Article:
By Carol Vaughn —
The Book Bin in Onley is celebrating its 40th year in business.
The store’s annual open house Saturday, Dec. 5, this year will double as a 40th anniversary celebration.
Philip Wilson, a retired professor, is the third owner of the independent bookstore, which he purchased in January 2016 from Susan Tyler and Mary Smolinski.
The store was founded by E. A. McMath and Joanna Snyder. It opened its doors in October 1980 in Four Corner Plaza, where it remains today.
McMath and Snyder, who at the time was Broadwater Academy’s librarian, started out working together on Broadwater’s annual book fairs.
Snyder died in 2012.
They would travel to Charlottesville to pick out books for the fairs from the bookstore Snyder’s uncle owned there.
Soon, the idea of opening a bookstore together blossomed.
McMath’s husband, George, was somewhat skeptical of the venture’s success, according to E. A., but his newspaper office in Four Corner Plaza had some extra space, which he offered for the new business.
In 1980 on the Eastern Shore, women-owned businesses were still somewhat of a rarity, E. A. McMath noted in an interview about the upcoming anniversary.
The pair started out with wholesale bookseller Ingram’s inventory prepared especially for opening bookstores.
“The challenge was convincing people that you could buy a book here — it would be just fine,” McMath said.
Customers soon became comfortable with the idea and returned frequently.
People who had moved to the Shore from elsewhere especially like having a local bookstore, according to McMath.
“They were the first people who started coming,” she said.
At some point, the owners added other items, including toys and greeting cards, to their inventory, traveling to trade shows in New York City and other cities to pick out books and toys for the shop.
“Joanna’s forte really was children’s books — she liked picking them out and she was really good at it,” McMath said. McMath took care of the adult book selections.
They also carried books by local authors — which the Book Bin continues to do.
“One of the first was Arthur King Fisher,” McMath said.
Early employees including Anne Nock, Shannon Gordon, and Dawn Byrd, among many others, helped make the business successful.
“We used to take Dawn with us to every show we went to,” McMath said.
Among the changes they experienced over the years was a transition to using computers, something Snyder was against. McMath pushed to take the leap, which they eventually did.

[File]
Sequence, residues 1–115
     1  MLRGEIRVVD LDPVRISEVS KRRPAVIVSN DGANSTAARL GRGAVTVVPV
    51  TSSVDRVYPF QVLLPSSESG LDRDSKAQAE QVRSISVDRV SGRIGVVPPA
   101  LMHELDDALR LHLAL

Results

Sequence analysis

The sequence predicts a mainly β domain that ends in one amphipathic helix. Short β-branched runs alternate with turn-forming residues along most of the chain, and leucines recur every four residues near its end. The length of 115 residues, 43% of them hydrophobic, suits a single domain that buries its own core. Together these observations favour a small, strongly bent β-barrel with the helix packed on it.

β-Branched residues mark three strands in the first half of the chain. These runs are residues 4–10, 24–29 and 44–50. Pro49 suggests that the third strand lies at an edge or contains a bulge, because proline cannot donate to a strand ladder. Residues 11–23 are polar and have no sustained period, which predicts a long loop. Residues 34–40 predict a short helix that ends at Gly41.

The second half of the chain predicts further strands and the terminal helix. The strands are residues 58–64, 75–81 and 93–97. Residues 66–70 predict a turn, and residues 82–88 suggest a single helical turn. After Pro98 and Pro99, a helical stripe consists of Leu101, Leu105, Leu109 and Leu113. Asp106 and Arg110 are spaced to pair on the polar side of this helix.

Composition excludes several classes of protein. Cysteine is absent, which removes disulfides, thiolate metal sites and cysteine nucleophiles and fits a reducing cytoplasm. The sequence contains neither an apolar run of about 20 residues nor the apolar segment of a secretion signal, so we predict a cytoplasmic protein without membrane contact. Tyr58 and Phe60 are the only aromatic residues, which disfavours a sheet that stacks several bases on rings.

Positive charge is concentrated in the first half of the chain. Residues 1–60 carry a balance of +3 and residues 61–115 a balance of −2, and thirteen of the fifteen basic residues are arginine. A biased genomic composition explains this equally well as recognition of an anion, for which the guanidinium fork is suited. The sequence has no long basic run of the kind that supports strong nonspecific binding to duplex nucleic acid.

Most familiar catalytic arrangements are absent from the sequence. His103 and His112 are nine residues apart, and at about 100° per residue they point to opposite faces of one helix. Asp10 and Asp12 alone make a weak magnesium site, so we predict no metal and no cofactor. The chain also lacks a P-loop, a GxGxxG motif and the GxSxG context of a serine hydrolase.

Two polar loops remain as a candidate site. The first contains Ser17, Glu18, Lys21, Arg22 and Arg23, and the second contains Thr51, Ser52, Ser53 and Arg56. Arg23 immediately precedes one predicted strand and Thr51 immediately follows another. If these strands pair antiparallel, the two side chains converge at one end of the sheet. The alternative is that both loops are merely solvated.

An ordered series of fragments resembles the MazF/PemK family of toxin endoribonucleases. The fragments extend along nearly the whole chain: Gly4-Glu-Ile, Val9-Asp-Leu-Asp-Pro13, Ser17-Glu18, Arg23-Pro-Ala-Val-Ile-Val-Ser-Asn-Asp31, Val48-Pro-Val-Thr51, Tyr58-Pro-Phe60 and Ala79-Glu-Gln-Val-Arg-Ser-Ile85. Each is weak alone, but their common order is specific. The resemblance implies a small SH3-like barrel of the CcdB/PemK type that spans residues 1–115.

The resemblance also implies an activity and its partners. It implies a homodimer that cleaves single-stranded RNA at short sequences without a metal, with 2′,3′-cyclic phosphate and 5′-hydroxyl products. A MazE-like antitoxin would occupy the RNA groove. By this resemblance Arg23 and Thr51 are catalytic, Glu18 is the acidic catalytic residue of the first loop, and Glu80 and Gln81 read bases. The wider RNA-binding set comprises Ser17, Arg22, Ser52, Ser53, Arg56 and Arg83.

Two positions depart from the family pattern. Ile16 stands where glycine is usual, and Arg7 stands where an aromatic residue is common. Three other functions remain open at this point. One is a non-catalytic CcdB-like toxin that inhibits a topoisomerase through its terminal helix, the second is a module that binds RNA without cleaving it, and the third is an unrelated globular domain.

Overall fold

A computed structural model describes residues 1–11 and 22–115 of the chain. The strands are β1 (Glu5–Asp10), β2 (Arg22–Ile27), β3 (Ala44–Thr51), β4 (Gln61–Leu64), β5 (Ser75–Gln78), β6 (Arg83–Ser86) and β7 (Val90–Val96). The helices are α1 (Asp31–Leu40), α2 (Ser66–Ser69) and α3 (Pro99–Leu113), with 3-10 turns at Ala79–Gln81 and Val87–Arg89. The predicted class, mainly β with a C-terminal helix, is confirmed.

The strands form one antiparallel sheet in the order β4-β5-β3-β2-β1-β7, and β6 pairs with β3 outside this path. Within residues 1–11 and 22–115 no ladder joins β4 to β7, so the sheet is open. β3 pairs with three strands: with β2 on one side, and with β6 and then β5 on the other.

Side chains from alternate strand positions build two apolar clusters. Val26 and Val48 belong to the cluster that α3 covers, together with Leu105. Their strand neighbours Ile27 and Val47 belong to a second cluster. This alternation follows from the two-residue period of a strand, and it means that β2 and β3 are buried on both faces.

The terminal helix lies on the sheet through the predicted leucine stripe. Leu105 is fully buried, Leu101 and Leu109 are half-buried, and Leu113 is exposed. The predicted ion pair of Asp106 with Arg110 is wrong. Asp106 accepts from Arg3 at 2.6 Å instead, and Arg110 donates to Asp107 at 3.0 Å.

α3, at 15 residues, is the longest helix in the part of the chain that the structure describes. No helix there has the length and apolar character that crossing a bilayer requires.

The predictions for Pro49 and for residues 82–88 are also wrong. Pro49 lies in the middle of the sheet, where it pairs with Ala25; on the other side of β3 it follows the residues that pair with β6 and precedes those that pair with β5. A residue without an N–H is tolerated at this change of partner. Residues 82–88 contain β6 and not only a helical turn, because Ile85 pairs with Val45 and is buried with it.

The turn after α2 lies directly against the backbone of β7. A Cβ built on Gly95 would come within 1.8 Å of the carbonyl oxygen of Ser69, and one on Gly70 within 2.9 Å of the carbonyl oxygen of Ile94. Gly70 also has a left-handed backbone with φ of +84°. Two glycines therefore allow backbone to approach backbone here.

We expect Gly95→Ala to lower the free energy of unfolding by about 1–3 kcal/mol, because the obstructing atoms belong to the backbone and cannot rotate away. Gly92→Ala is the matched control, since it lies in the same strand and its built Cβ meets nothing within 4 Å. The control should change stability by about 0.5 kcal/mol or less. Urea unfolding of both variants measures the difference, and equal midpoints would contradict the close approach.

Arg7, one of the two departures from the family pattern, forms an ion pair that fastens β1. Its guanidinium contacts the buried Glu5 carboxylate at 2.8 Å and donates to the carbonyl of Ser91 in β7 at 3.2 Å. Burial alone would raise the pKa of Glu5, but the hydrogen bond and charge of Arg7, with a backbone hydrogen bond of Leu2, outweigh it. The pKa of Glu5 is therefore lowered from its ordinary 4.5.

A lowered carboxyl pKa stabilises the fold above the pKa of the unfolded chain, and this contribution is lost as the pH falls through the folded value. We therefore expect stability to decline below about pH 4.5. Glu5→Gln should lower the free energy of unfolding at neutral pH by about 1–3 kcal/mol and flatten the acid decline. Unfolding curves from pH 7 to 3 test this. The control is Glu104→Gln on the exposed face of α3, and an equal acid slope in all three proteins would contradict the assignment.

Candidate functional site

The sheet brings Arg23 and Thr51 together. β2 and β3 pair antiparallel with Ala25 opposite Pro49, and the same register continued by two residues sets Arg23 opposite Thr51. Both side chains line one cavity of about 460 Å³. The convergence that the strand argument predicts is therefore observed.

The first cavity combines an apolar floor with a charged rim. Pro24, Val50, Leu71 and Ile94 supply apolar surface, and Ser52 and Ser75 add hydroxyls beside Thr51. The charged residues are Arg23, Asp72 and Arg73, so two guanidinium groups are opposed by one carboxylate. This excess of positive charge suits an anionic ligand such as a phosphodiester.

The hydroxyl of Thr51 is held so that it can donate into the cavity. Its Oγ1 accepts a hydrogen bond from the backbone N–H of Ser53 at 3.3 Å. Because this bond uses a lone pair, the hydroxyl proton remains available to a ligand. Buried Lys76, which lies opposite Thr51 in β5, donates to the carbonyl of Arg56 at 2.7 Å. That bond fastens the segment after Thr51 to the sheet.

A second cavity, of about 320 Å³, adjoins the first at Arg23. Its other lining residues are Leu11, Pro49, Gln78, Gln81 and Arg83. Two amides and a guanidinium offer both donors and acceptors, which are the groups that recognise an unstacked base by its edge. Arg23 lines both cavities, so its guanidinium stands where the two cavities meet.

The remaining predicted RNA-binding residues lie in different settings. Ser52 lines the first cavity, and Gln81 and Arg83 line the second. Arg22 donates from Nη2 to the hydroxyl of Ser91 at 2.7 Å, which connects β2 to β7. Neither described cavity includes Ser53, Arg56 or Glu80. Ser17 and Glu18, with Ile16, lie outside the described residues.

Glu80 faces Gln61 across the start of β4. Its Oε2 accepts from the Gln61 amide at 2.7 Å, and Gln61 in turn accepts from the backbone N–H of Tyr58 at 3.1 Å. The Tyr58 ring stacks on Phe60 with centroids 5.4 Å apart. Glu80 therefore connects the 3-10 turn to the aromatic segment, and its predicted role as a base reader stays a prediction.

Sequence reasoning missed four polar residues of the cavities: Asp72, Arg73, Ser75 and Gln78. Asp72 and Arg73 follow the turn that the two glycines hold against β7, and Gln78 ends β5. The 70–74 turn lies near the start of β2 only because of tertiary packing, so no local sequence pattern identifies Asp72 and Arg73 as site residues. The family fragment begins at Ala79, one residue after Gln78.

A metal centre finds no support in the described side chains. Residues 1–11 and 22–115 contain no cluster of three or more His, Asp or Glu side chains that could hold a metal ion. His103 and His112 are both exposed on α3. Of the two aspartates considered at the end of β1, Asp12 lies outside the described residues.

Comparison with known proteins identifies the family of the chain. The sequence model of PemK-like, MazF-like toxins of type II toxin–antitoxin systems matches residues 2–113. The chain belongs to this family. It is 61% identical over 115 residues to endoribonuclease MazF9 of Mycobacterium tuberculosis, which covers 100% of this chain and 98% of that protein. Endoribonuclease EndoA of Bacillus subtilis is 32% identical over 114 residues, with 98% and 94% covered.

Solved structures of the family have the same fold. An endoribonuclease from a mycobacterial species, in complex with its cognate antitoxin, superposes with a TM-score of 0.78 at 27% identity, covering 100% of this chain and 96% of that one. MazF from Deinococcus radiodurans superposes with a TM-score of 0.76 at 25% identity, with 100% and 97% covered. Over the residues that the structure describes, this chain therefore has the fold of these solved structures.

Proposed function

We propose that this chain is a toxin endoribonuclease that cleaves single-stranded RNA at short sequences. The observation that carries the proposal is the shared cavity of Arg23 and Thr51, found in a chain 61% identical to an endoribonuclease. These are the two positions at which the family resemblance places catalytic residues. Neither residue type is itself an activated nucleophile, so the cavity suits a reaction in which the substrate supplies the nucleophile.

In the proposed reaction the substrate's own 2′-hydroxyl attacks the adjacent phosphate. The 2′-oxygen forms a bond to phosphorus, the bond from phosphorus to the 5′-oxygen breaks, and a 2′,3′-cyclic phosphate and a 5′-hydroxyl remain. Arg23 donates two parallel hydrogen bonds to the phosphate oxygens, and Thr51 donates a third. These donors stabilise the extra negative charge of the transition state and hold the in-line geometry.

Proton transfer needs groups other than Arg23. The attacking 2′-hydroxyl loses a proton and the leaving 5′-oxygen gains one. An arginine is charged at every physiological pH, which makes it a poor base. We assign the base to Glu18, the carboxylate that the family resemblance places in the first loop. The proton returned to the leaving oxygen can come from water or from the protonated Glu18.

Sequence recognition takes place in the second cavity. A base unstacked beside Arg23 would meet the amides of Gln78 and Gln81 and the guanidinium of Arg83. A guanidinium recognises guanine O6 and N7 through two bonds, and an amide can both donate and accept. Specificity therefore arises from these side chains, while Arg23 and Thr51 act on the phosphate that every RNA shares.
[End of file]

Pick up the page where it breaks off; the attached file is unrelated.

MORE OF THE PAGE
The two women owned the store 24 years, until 2004, when they sold it to employees Smolinski and Tyler.
“I was hoping we could have a 25-year celebration,” but Snyder’s health was failing by then, McMath said.
They did make a scrapbook at the 10-year mark, which Wilson still has in the store.
It includes photographs and newspaper clippings of memorable moments, such as doll and decoy appraisals, book signings, and the time a possum somehow got inside the store and hid out in the children’s section.
Smolinski and Tyler added a coffee bar, which proved popular and continues today with Wi-Fi and specialty coffee drinks.
A monthly book club, which still meets, was another addition during their tenure.
Wilson fulfilled a lifelong dream of owning a bookstore when he purchased the Book Bin after a 30-year career in college teaching and administration.
He had never visited the Eastern Shore of Virginia before he started exploring the possibility of purchasing the Book Bin.
Among standout events in his mind since owning the store are poetry nights, a Harry Potter and other themed trivia evenings, book signings, and annual celebrations of National Independent Bookstore Day and Banned Books Week.
Among longstanding traditions in the store is the wooden gingerbread house, which has been in the store from the beginning and where generations of children have come to play while their elders browse.
“Apart from the bookshelves, that’s the single longest-standing structure in here,” Wilson said.
More recently, Wilson added artwork to the inventory, featuring mainly artists who do not show in other galleries.
“They are all local folks,” he said.
Reflecting his own professional background in science and history, Wilson said he has added to the nature books section and to the nonfiction offerings in general.
And, despite the digital revolution, the Book Bin still sells scores of greeting cards each week.
“I’m just thrilled that there are a lot of people out there still who write a card,” Wilson said.
Wilson echoed McMath’s sentiment that it is the employees who make the Book Bin special.
“It is the staff — they are the gold of this institution. It is their collective backgrounds and wisdom and insights that I lean on very heavily,” he said, adding, “…To build what this store is, the vision that people see — it’s the ideas of everyone who works here.”
The Book Bin’s annual open house and 40th anniversary celebration is Saturday, Dec. 5. There will be holiday drinks and treats, special sales, and author signings between 10 a.m. and 1 p.m.
Authors who will be available to sign their books include Devlin Barrett, author of “October Surprise”; Karen Foley, author of “Santa’s Sleigh is Stuck”; Karen Gravelle, author of “Dancing on Uncle Roy’s Grave”; and Metty Vargas Pellicer, author of “Invisible History.”
Additionally, Reader the Reindeer will be on hand.
The Book Bin is at 25304 Lankford Highway, Onley. Call 757-787-7866. Email firstname.lastname@example.org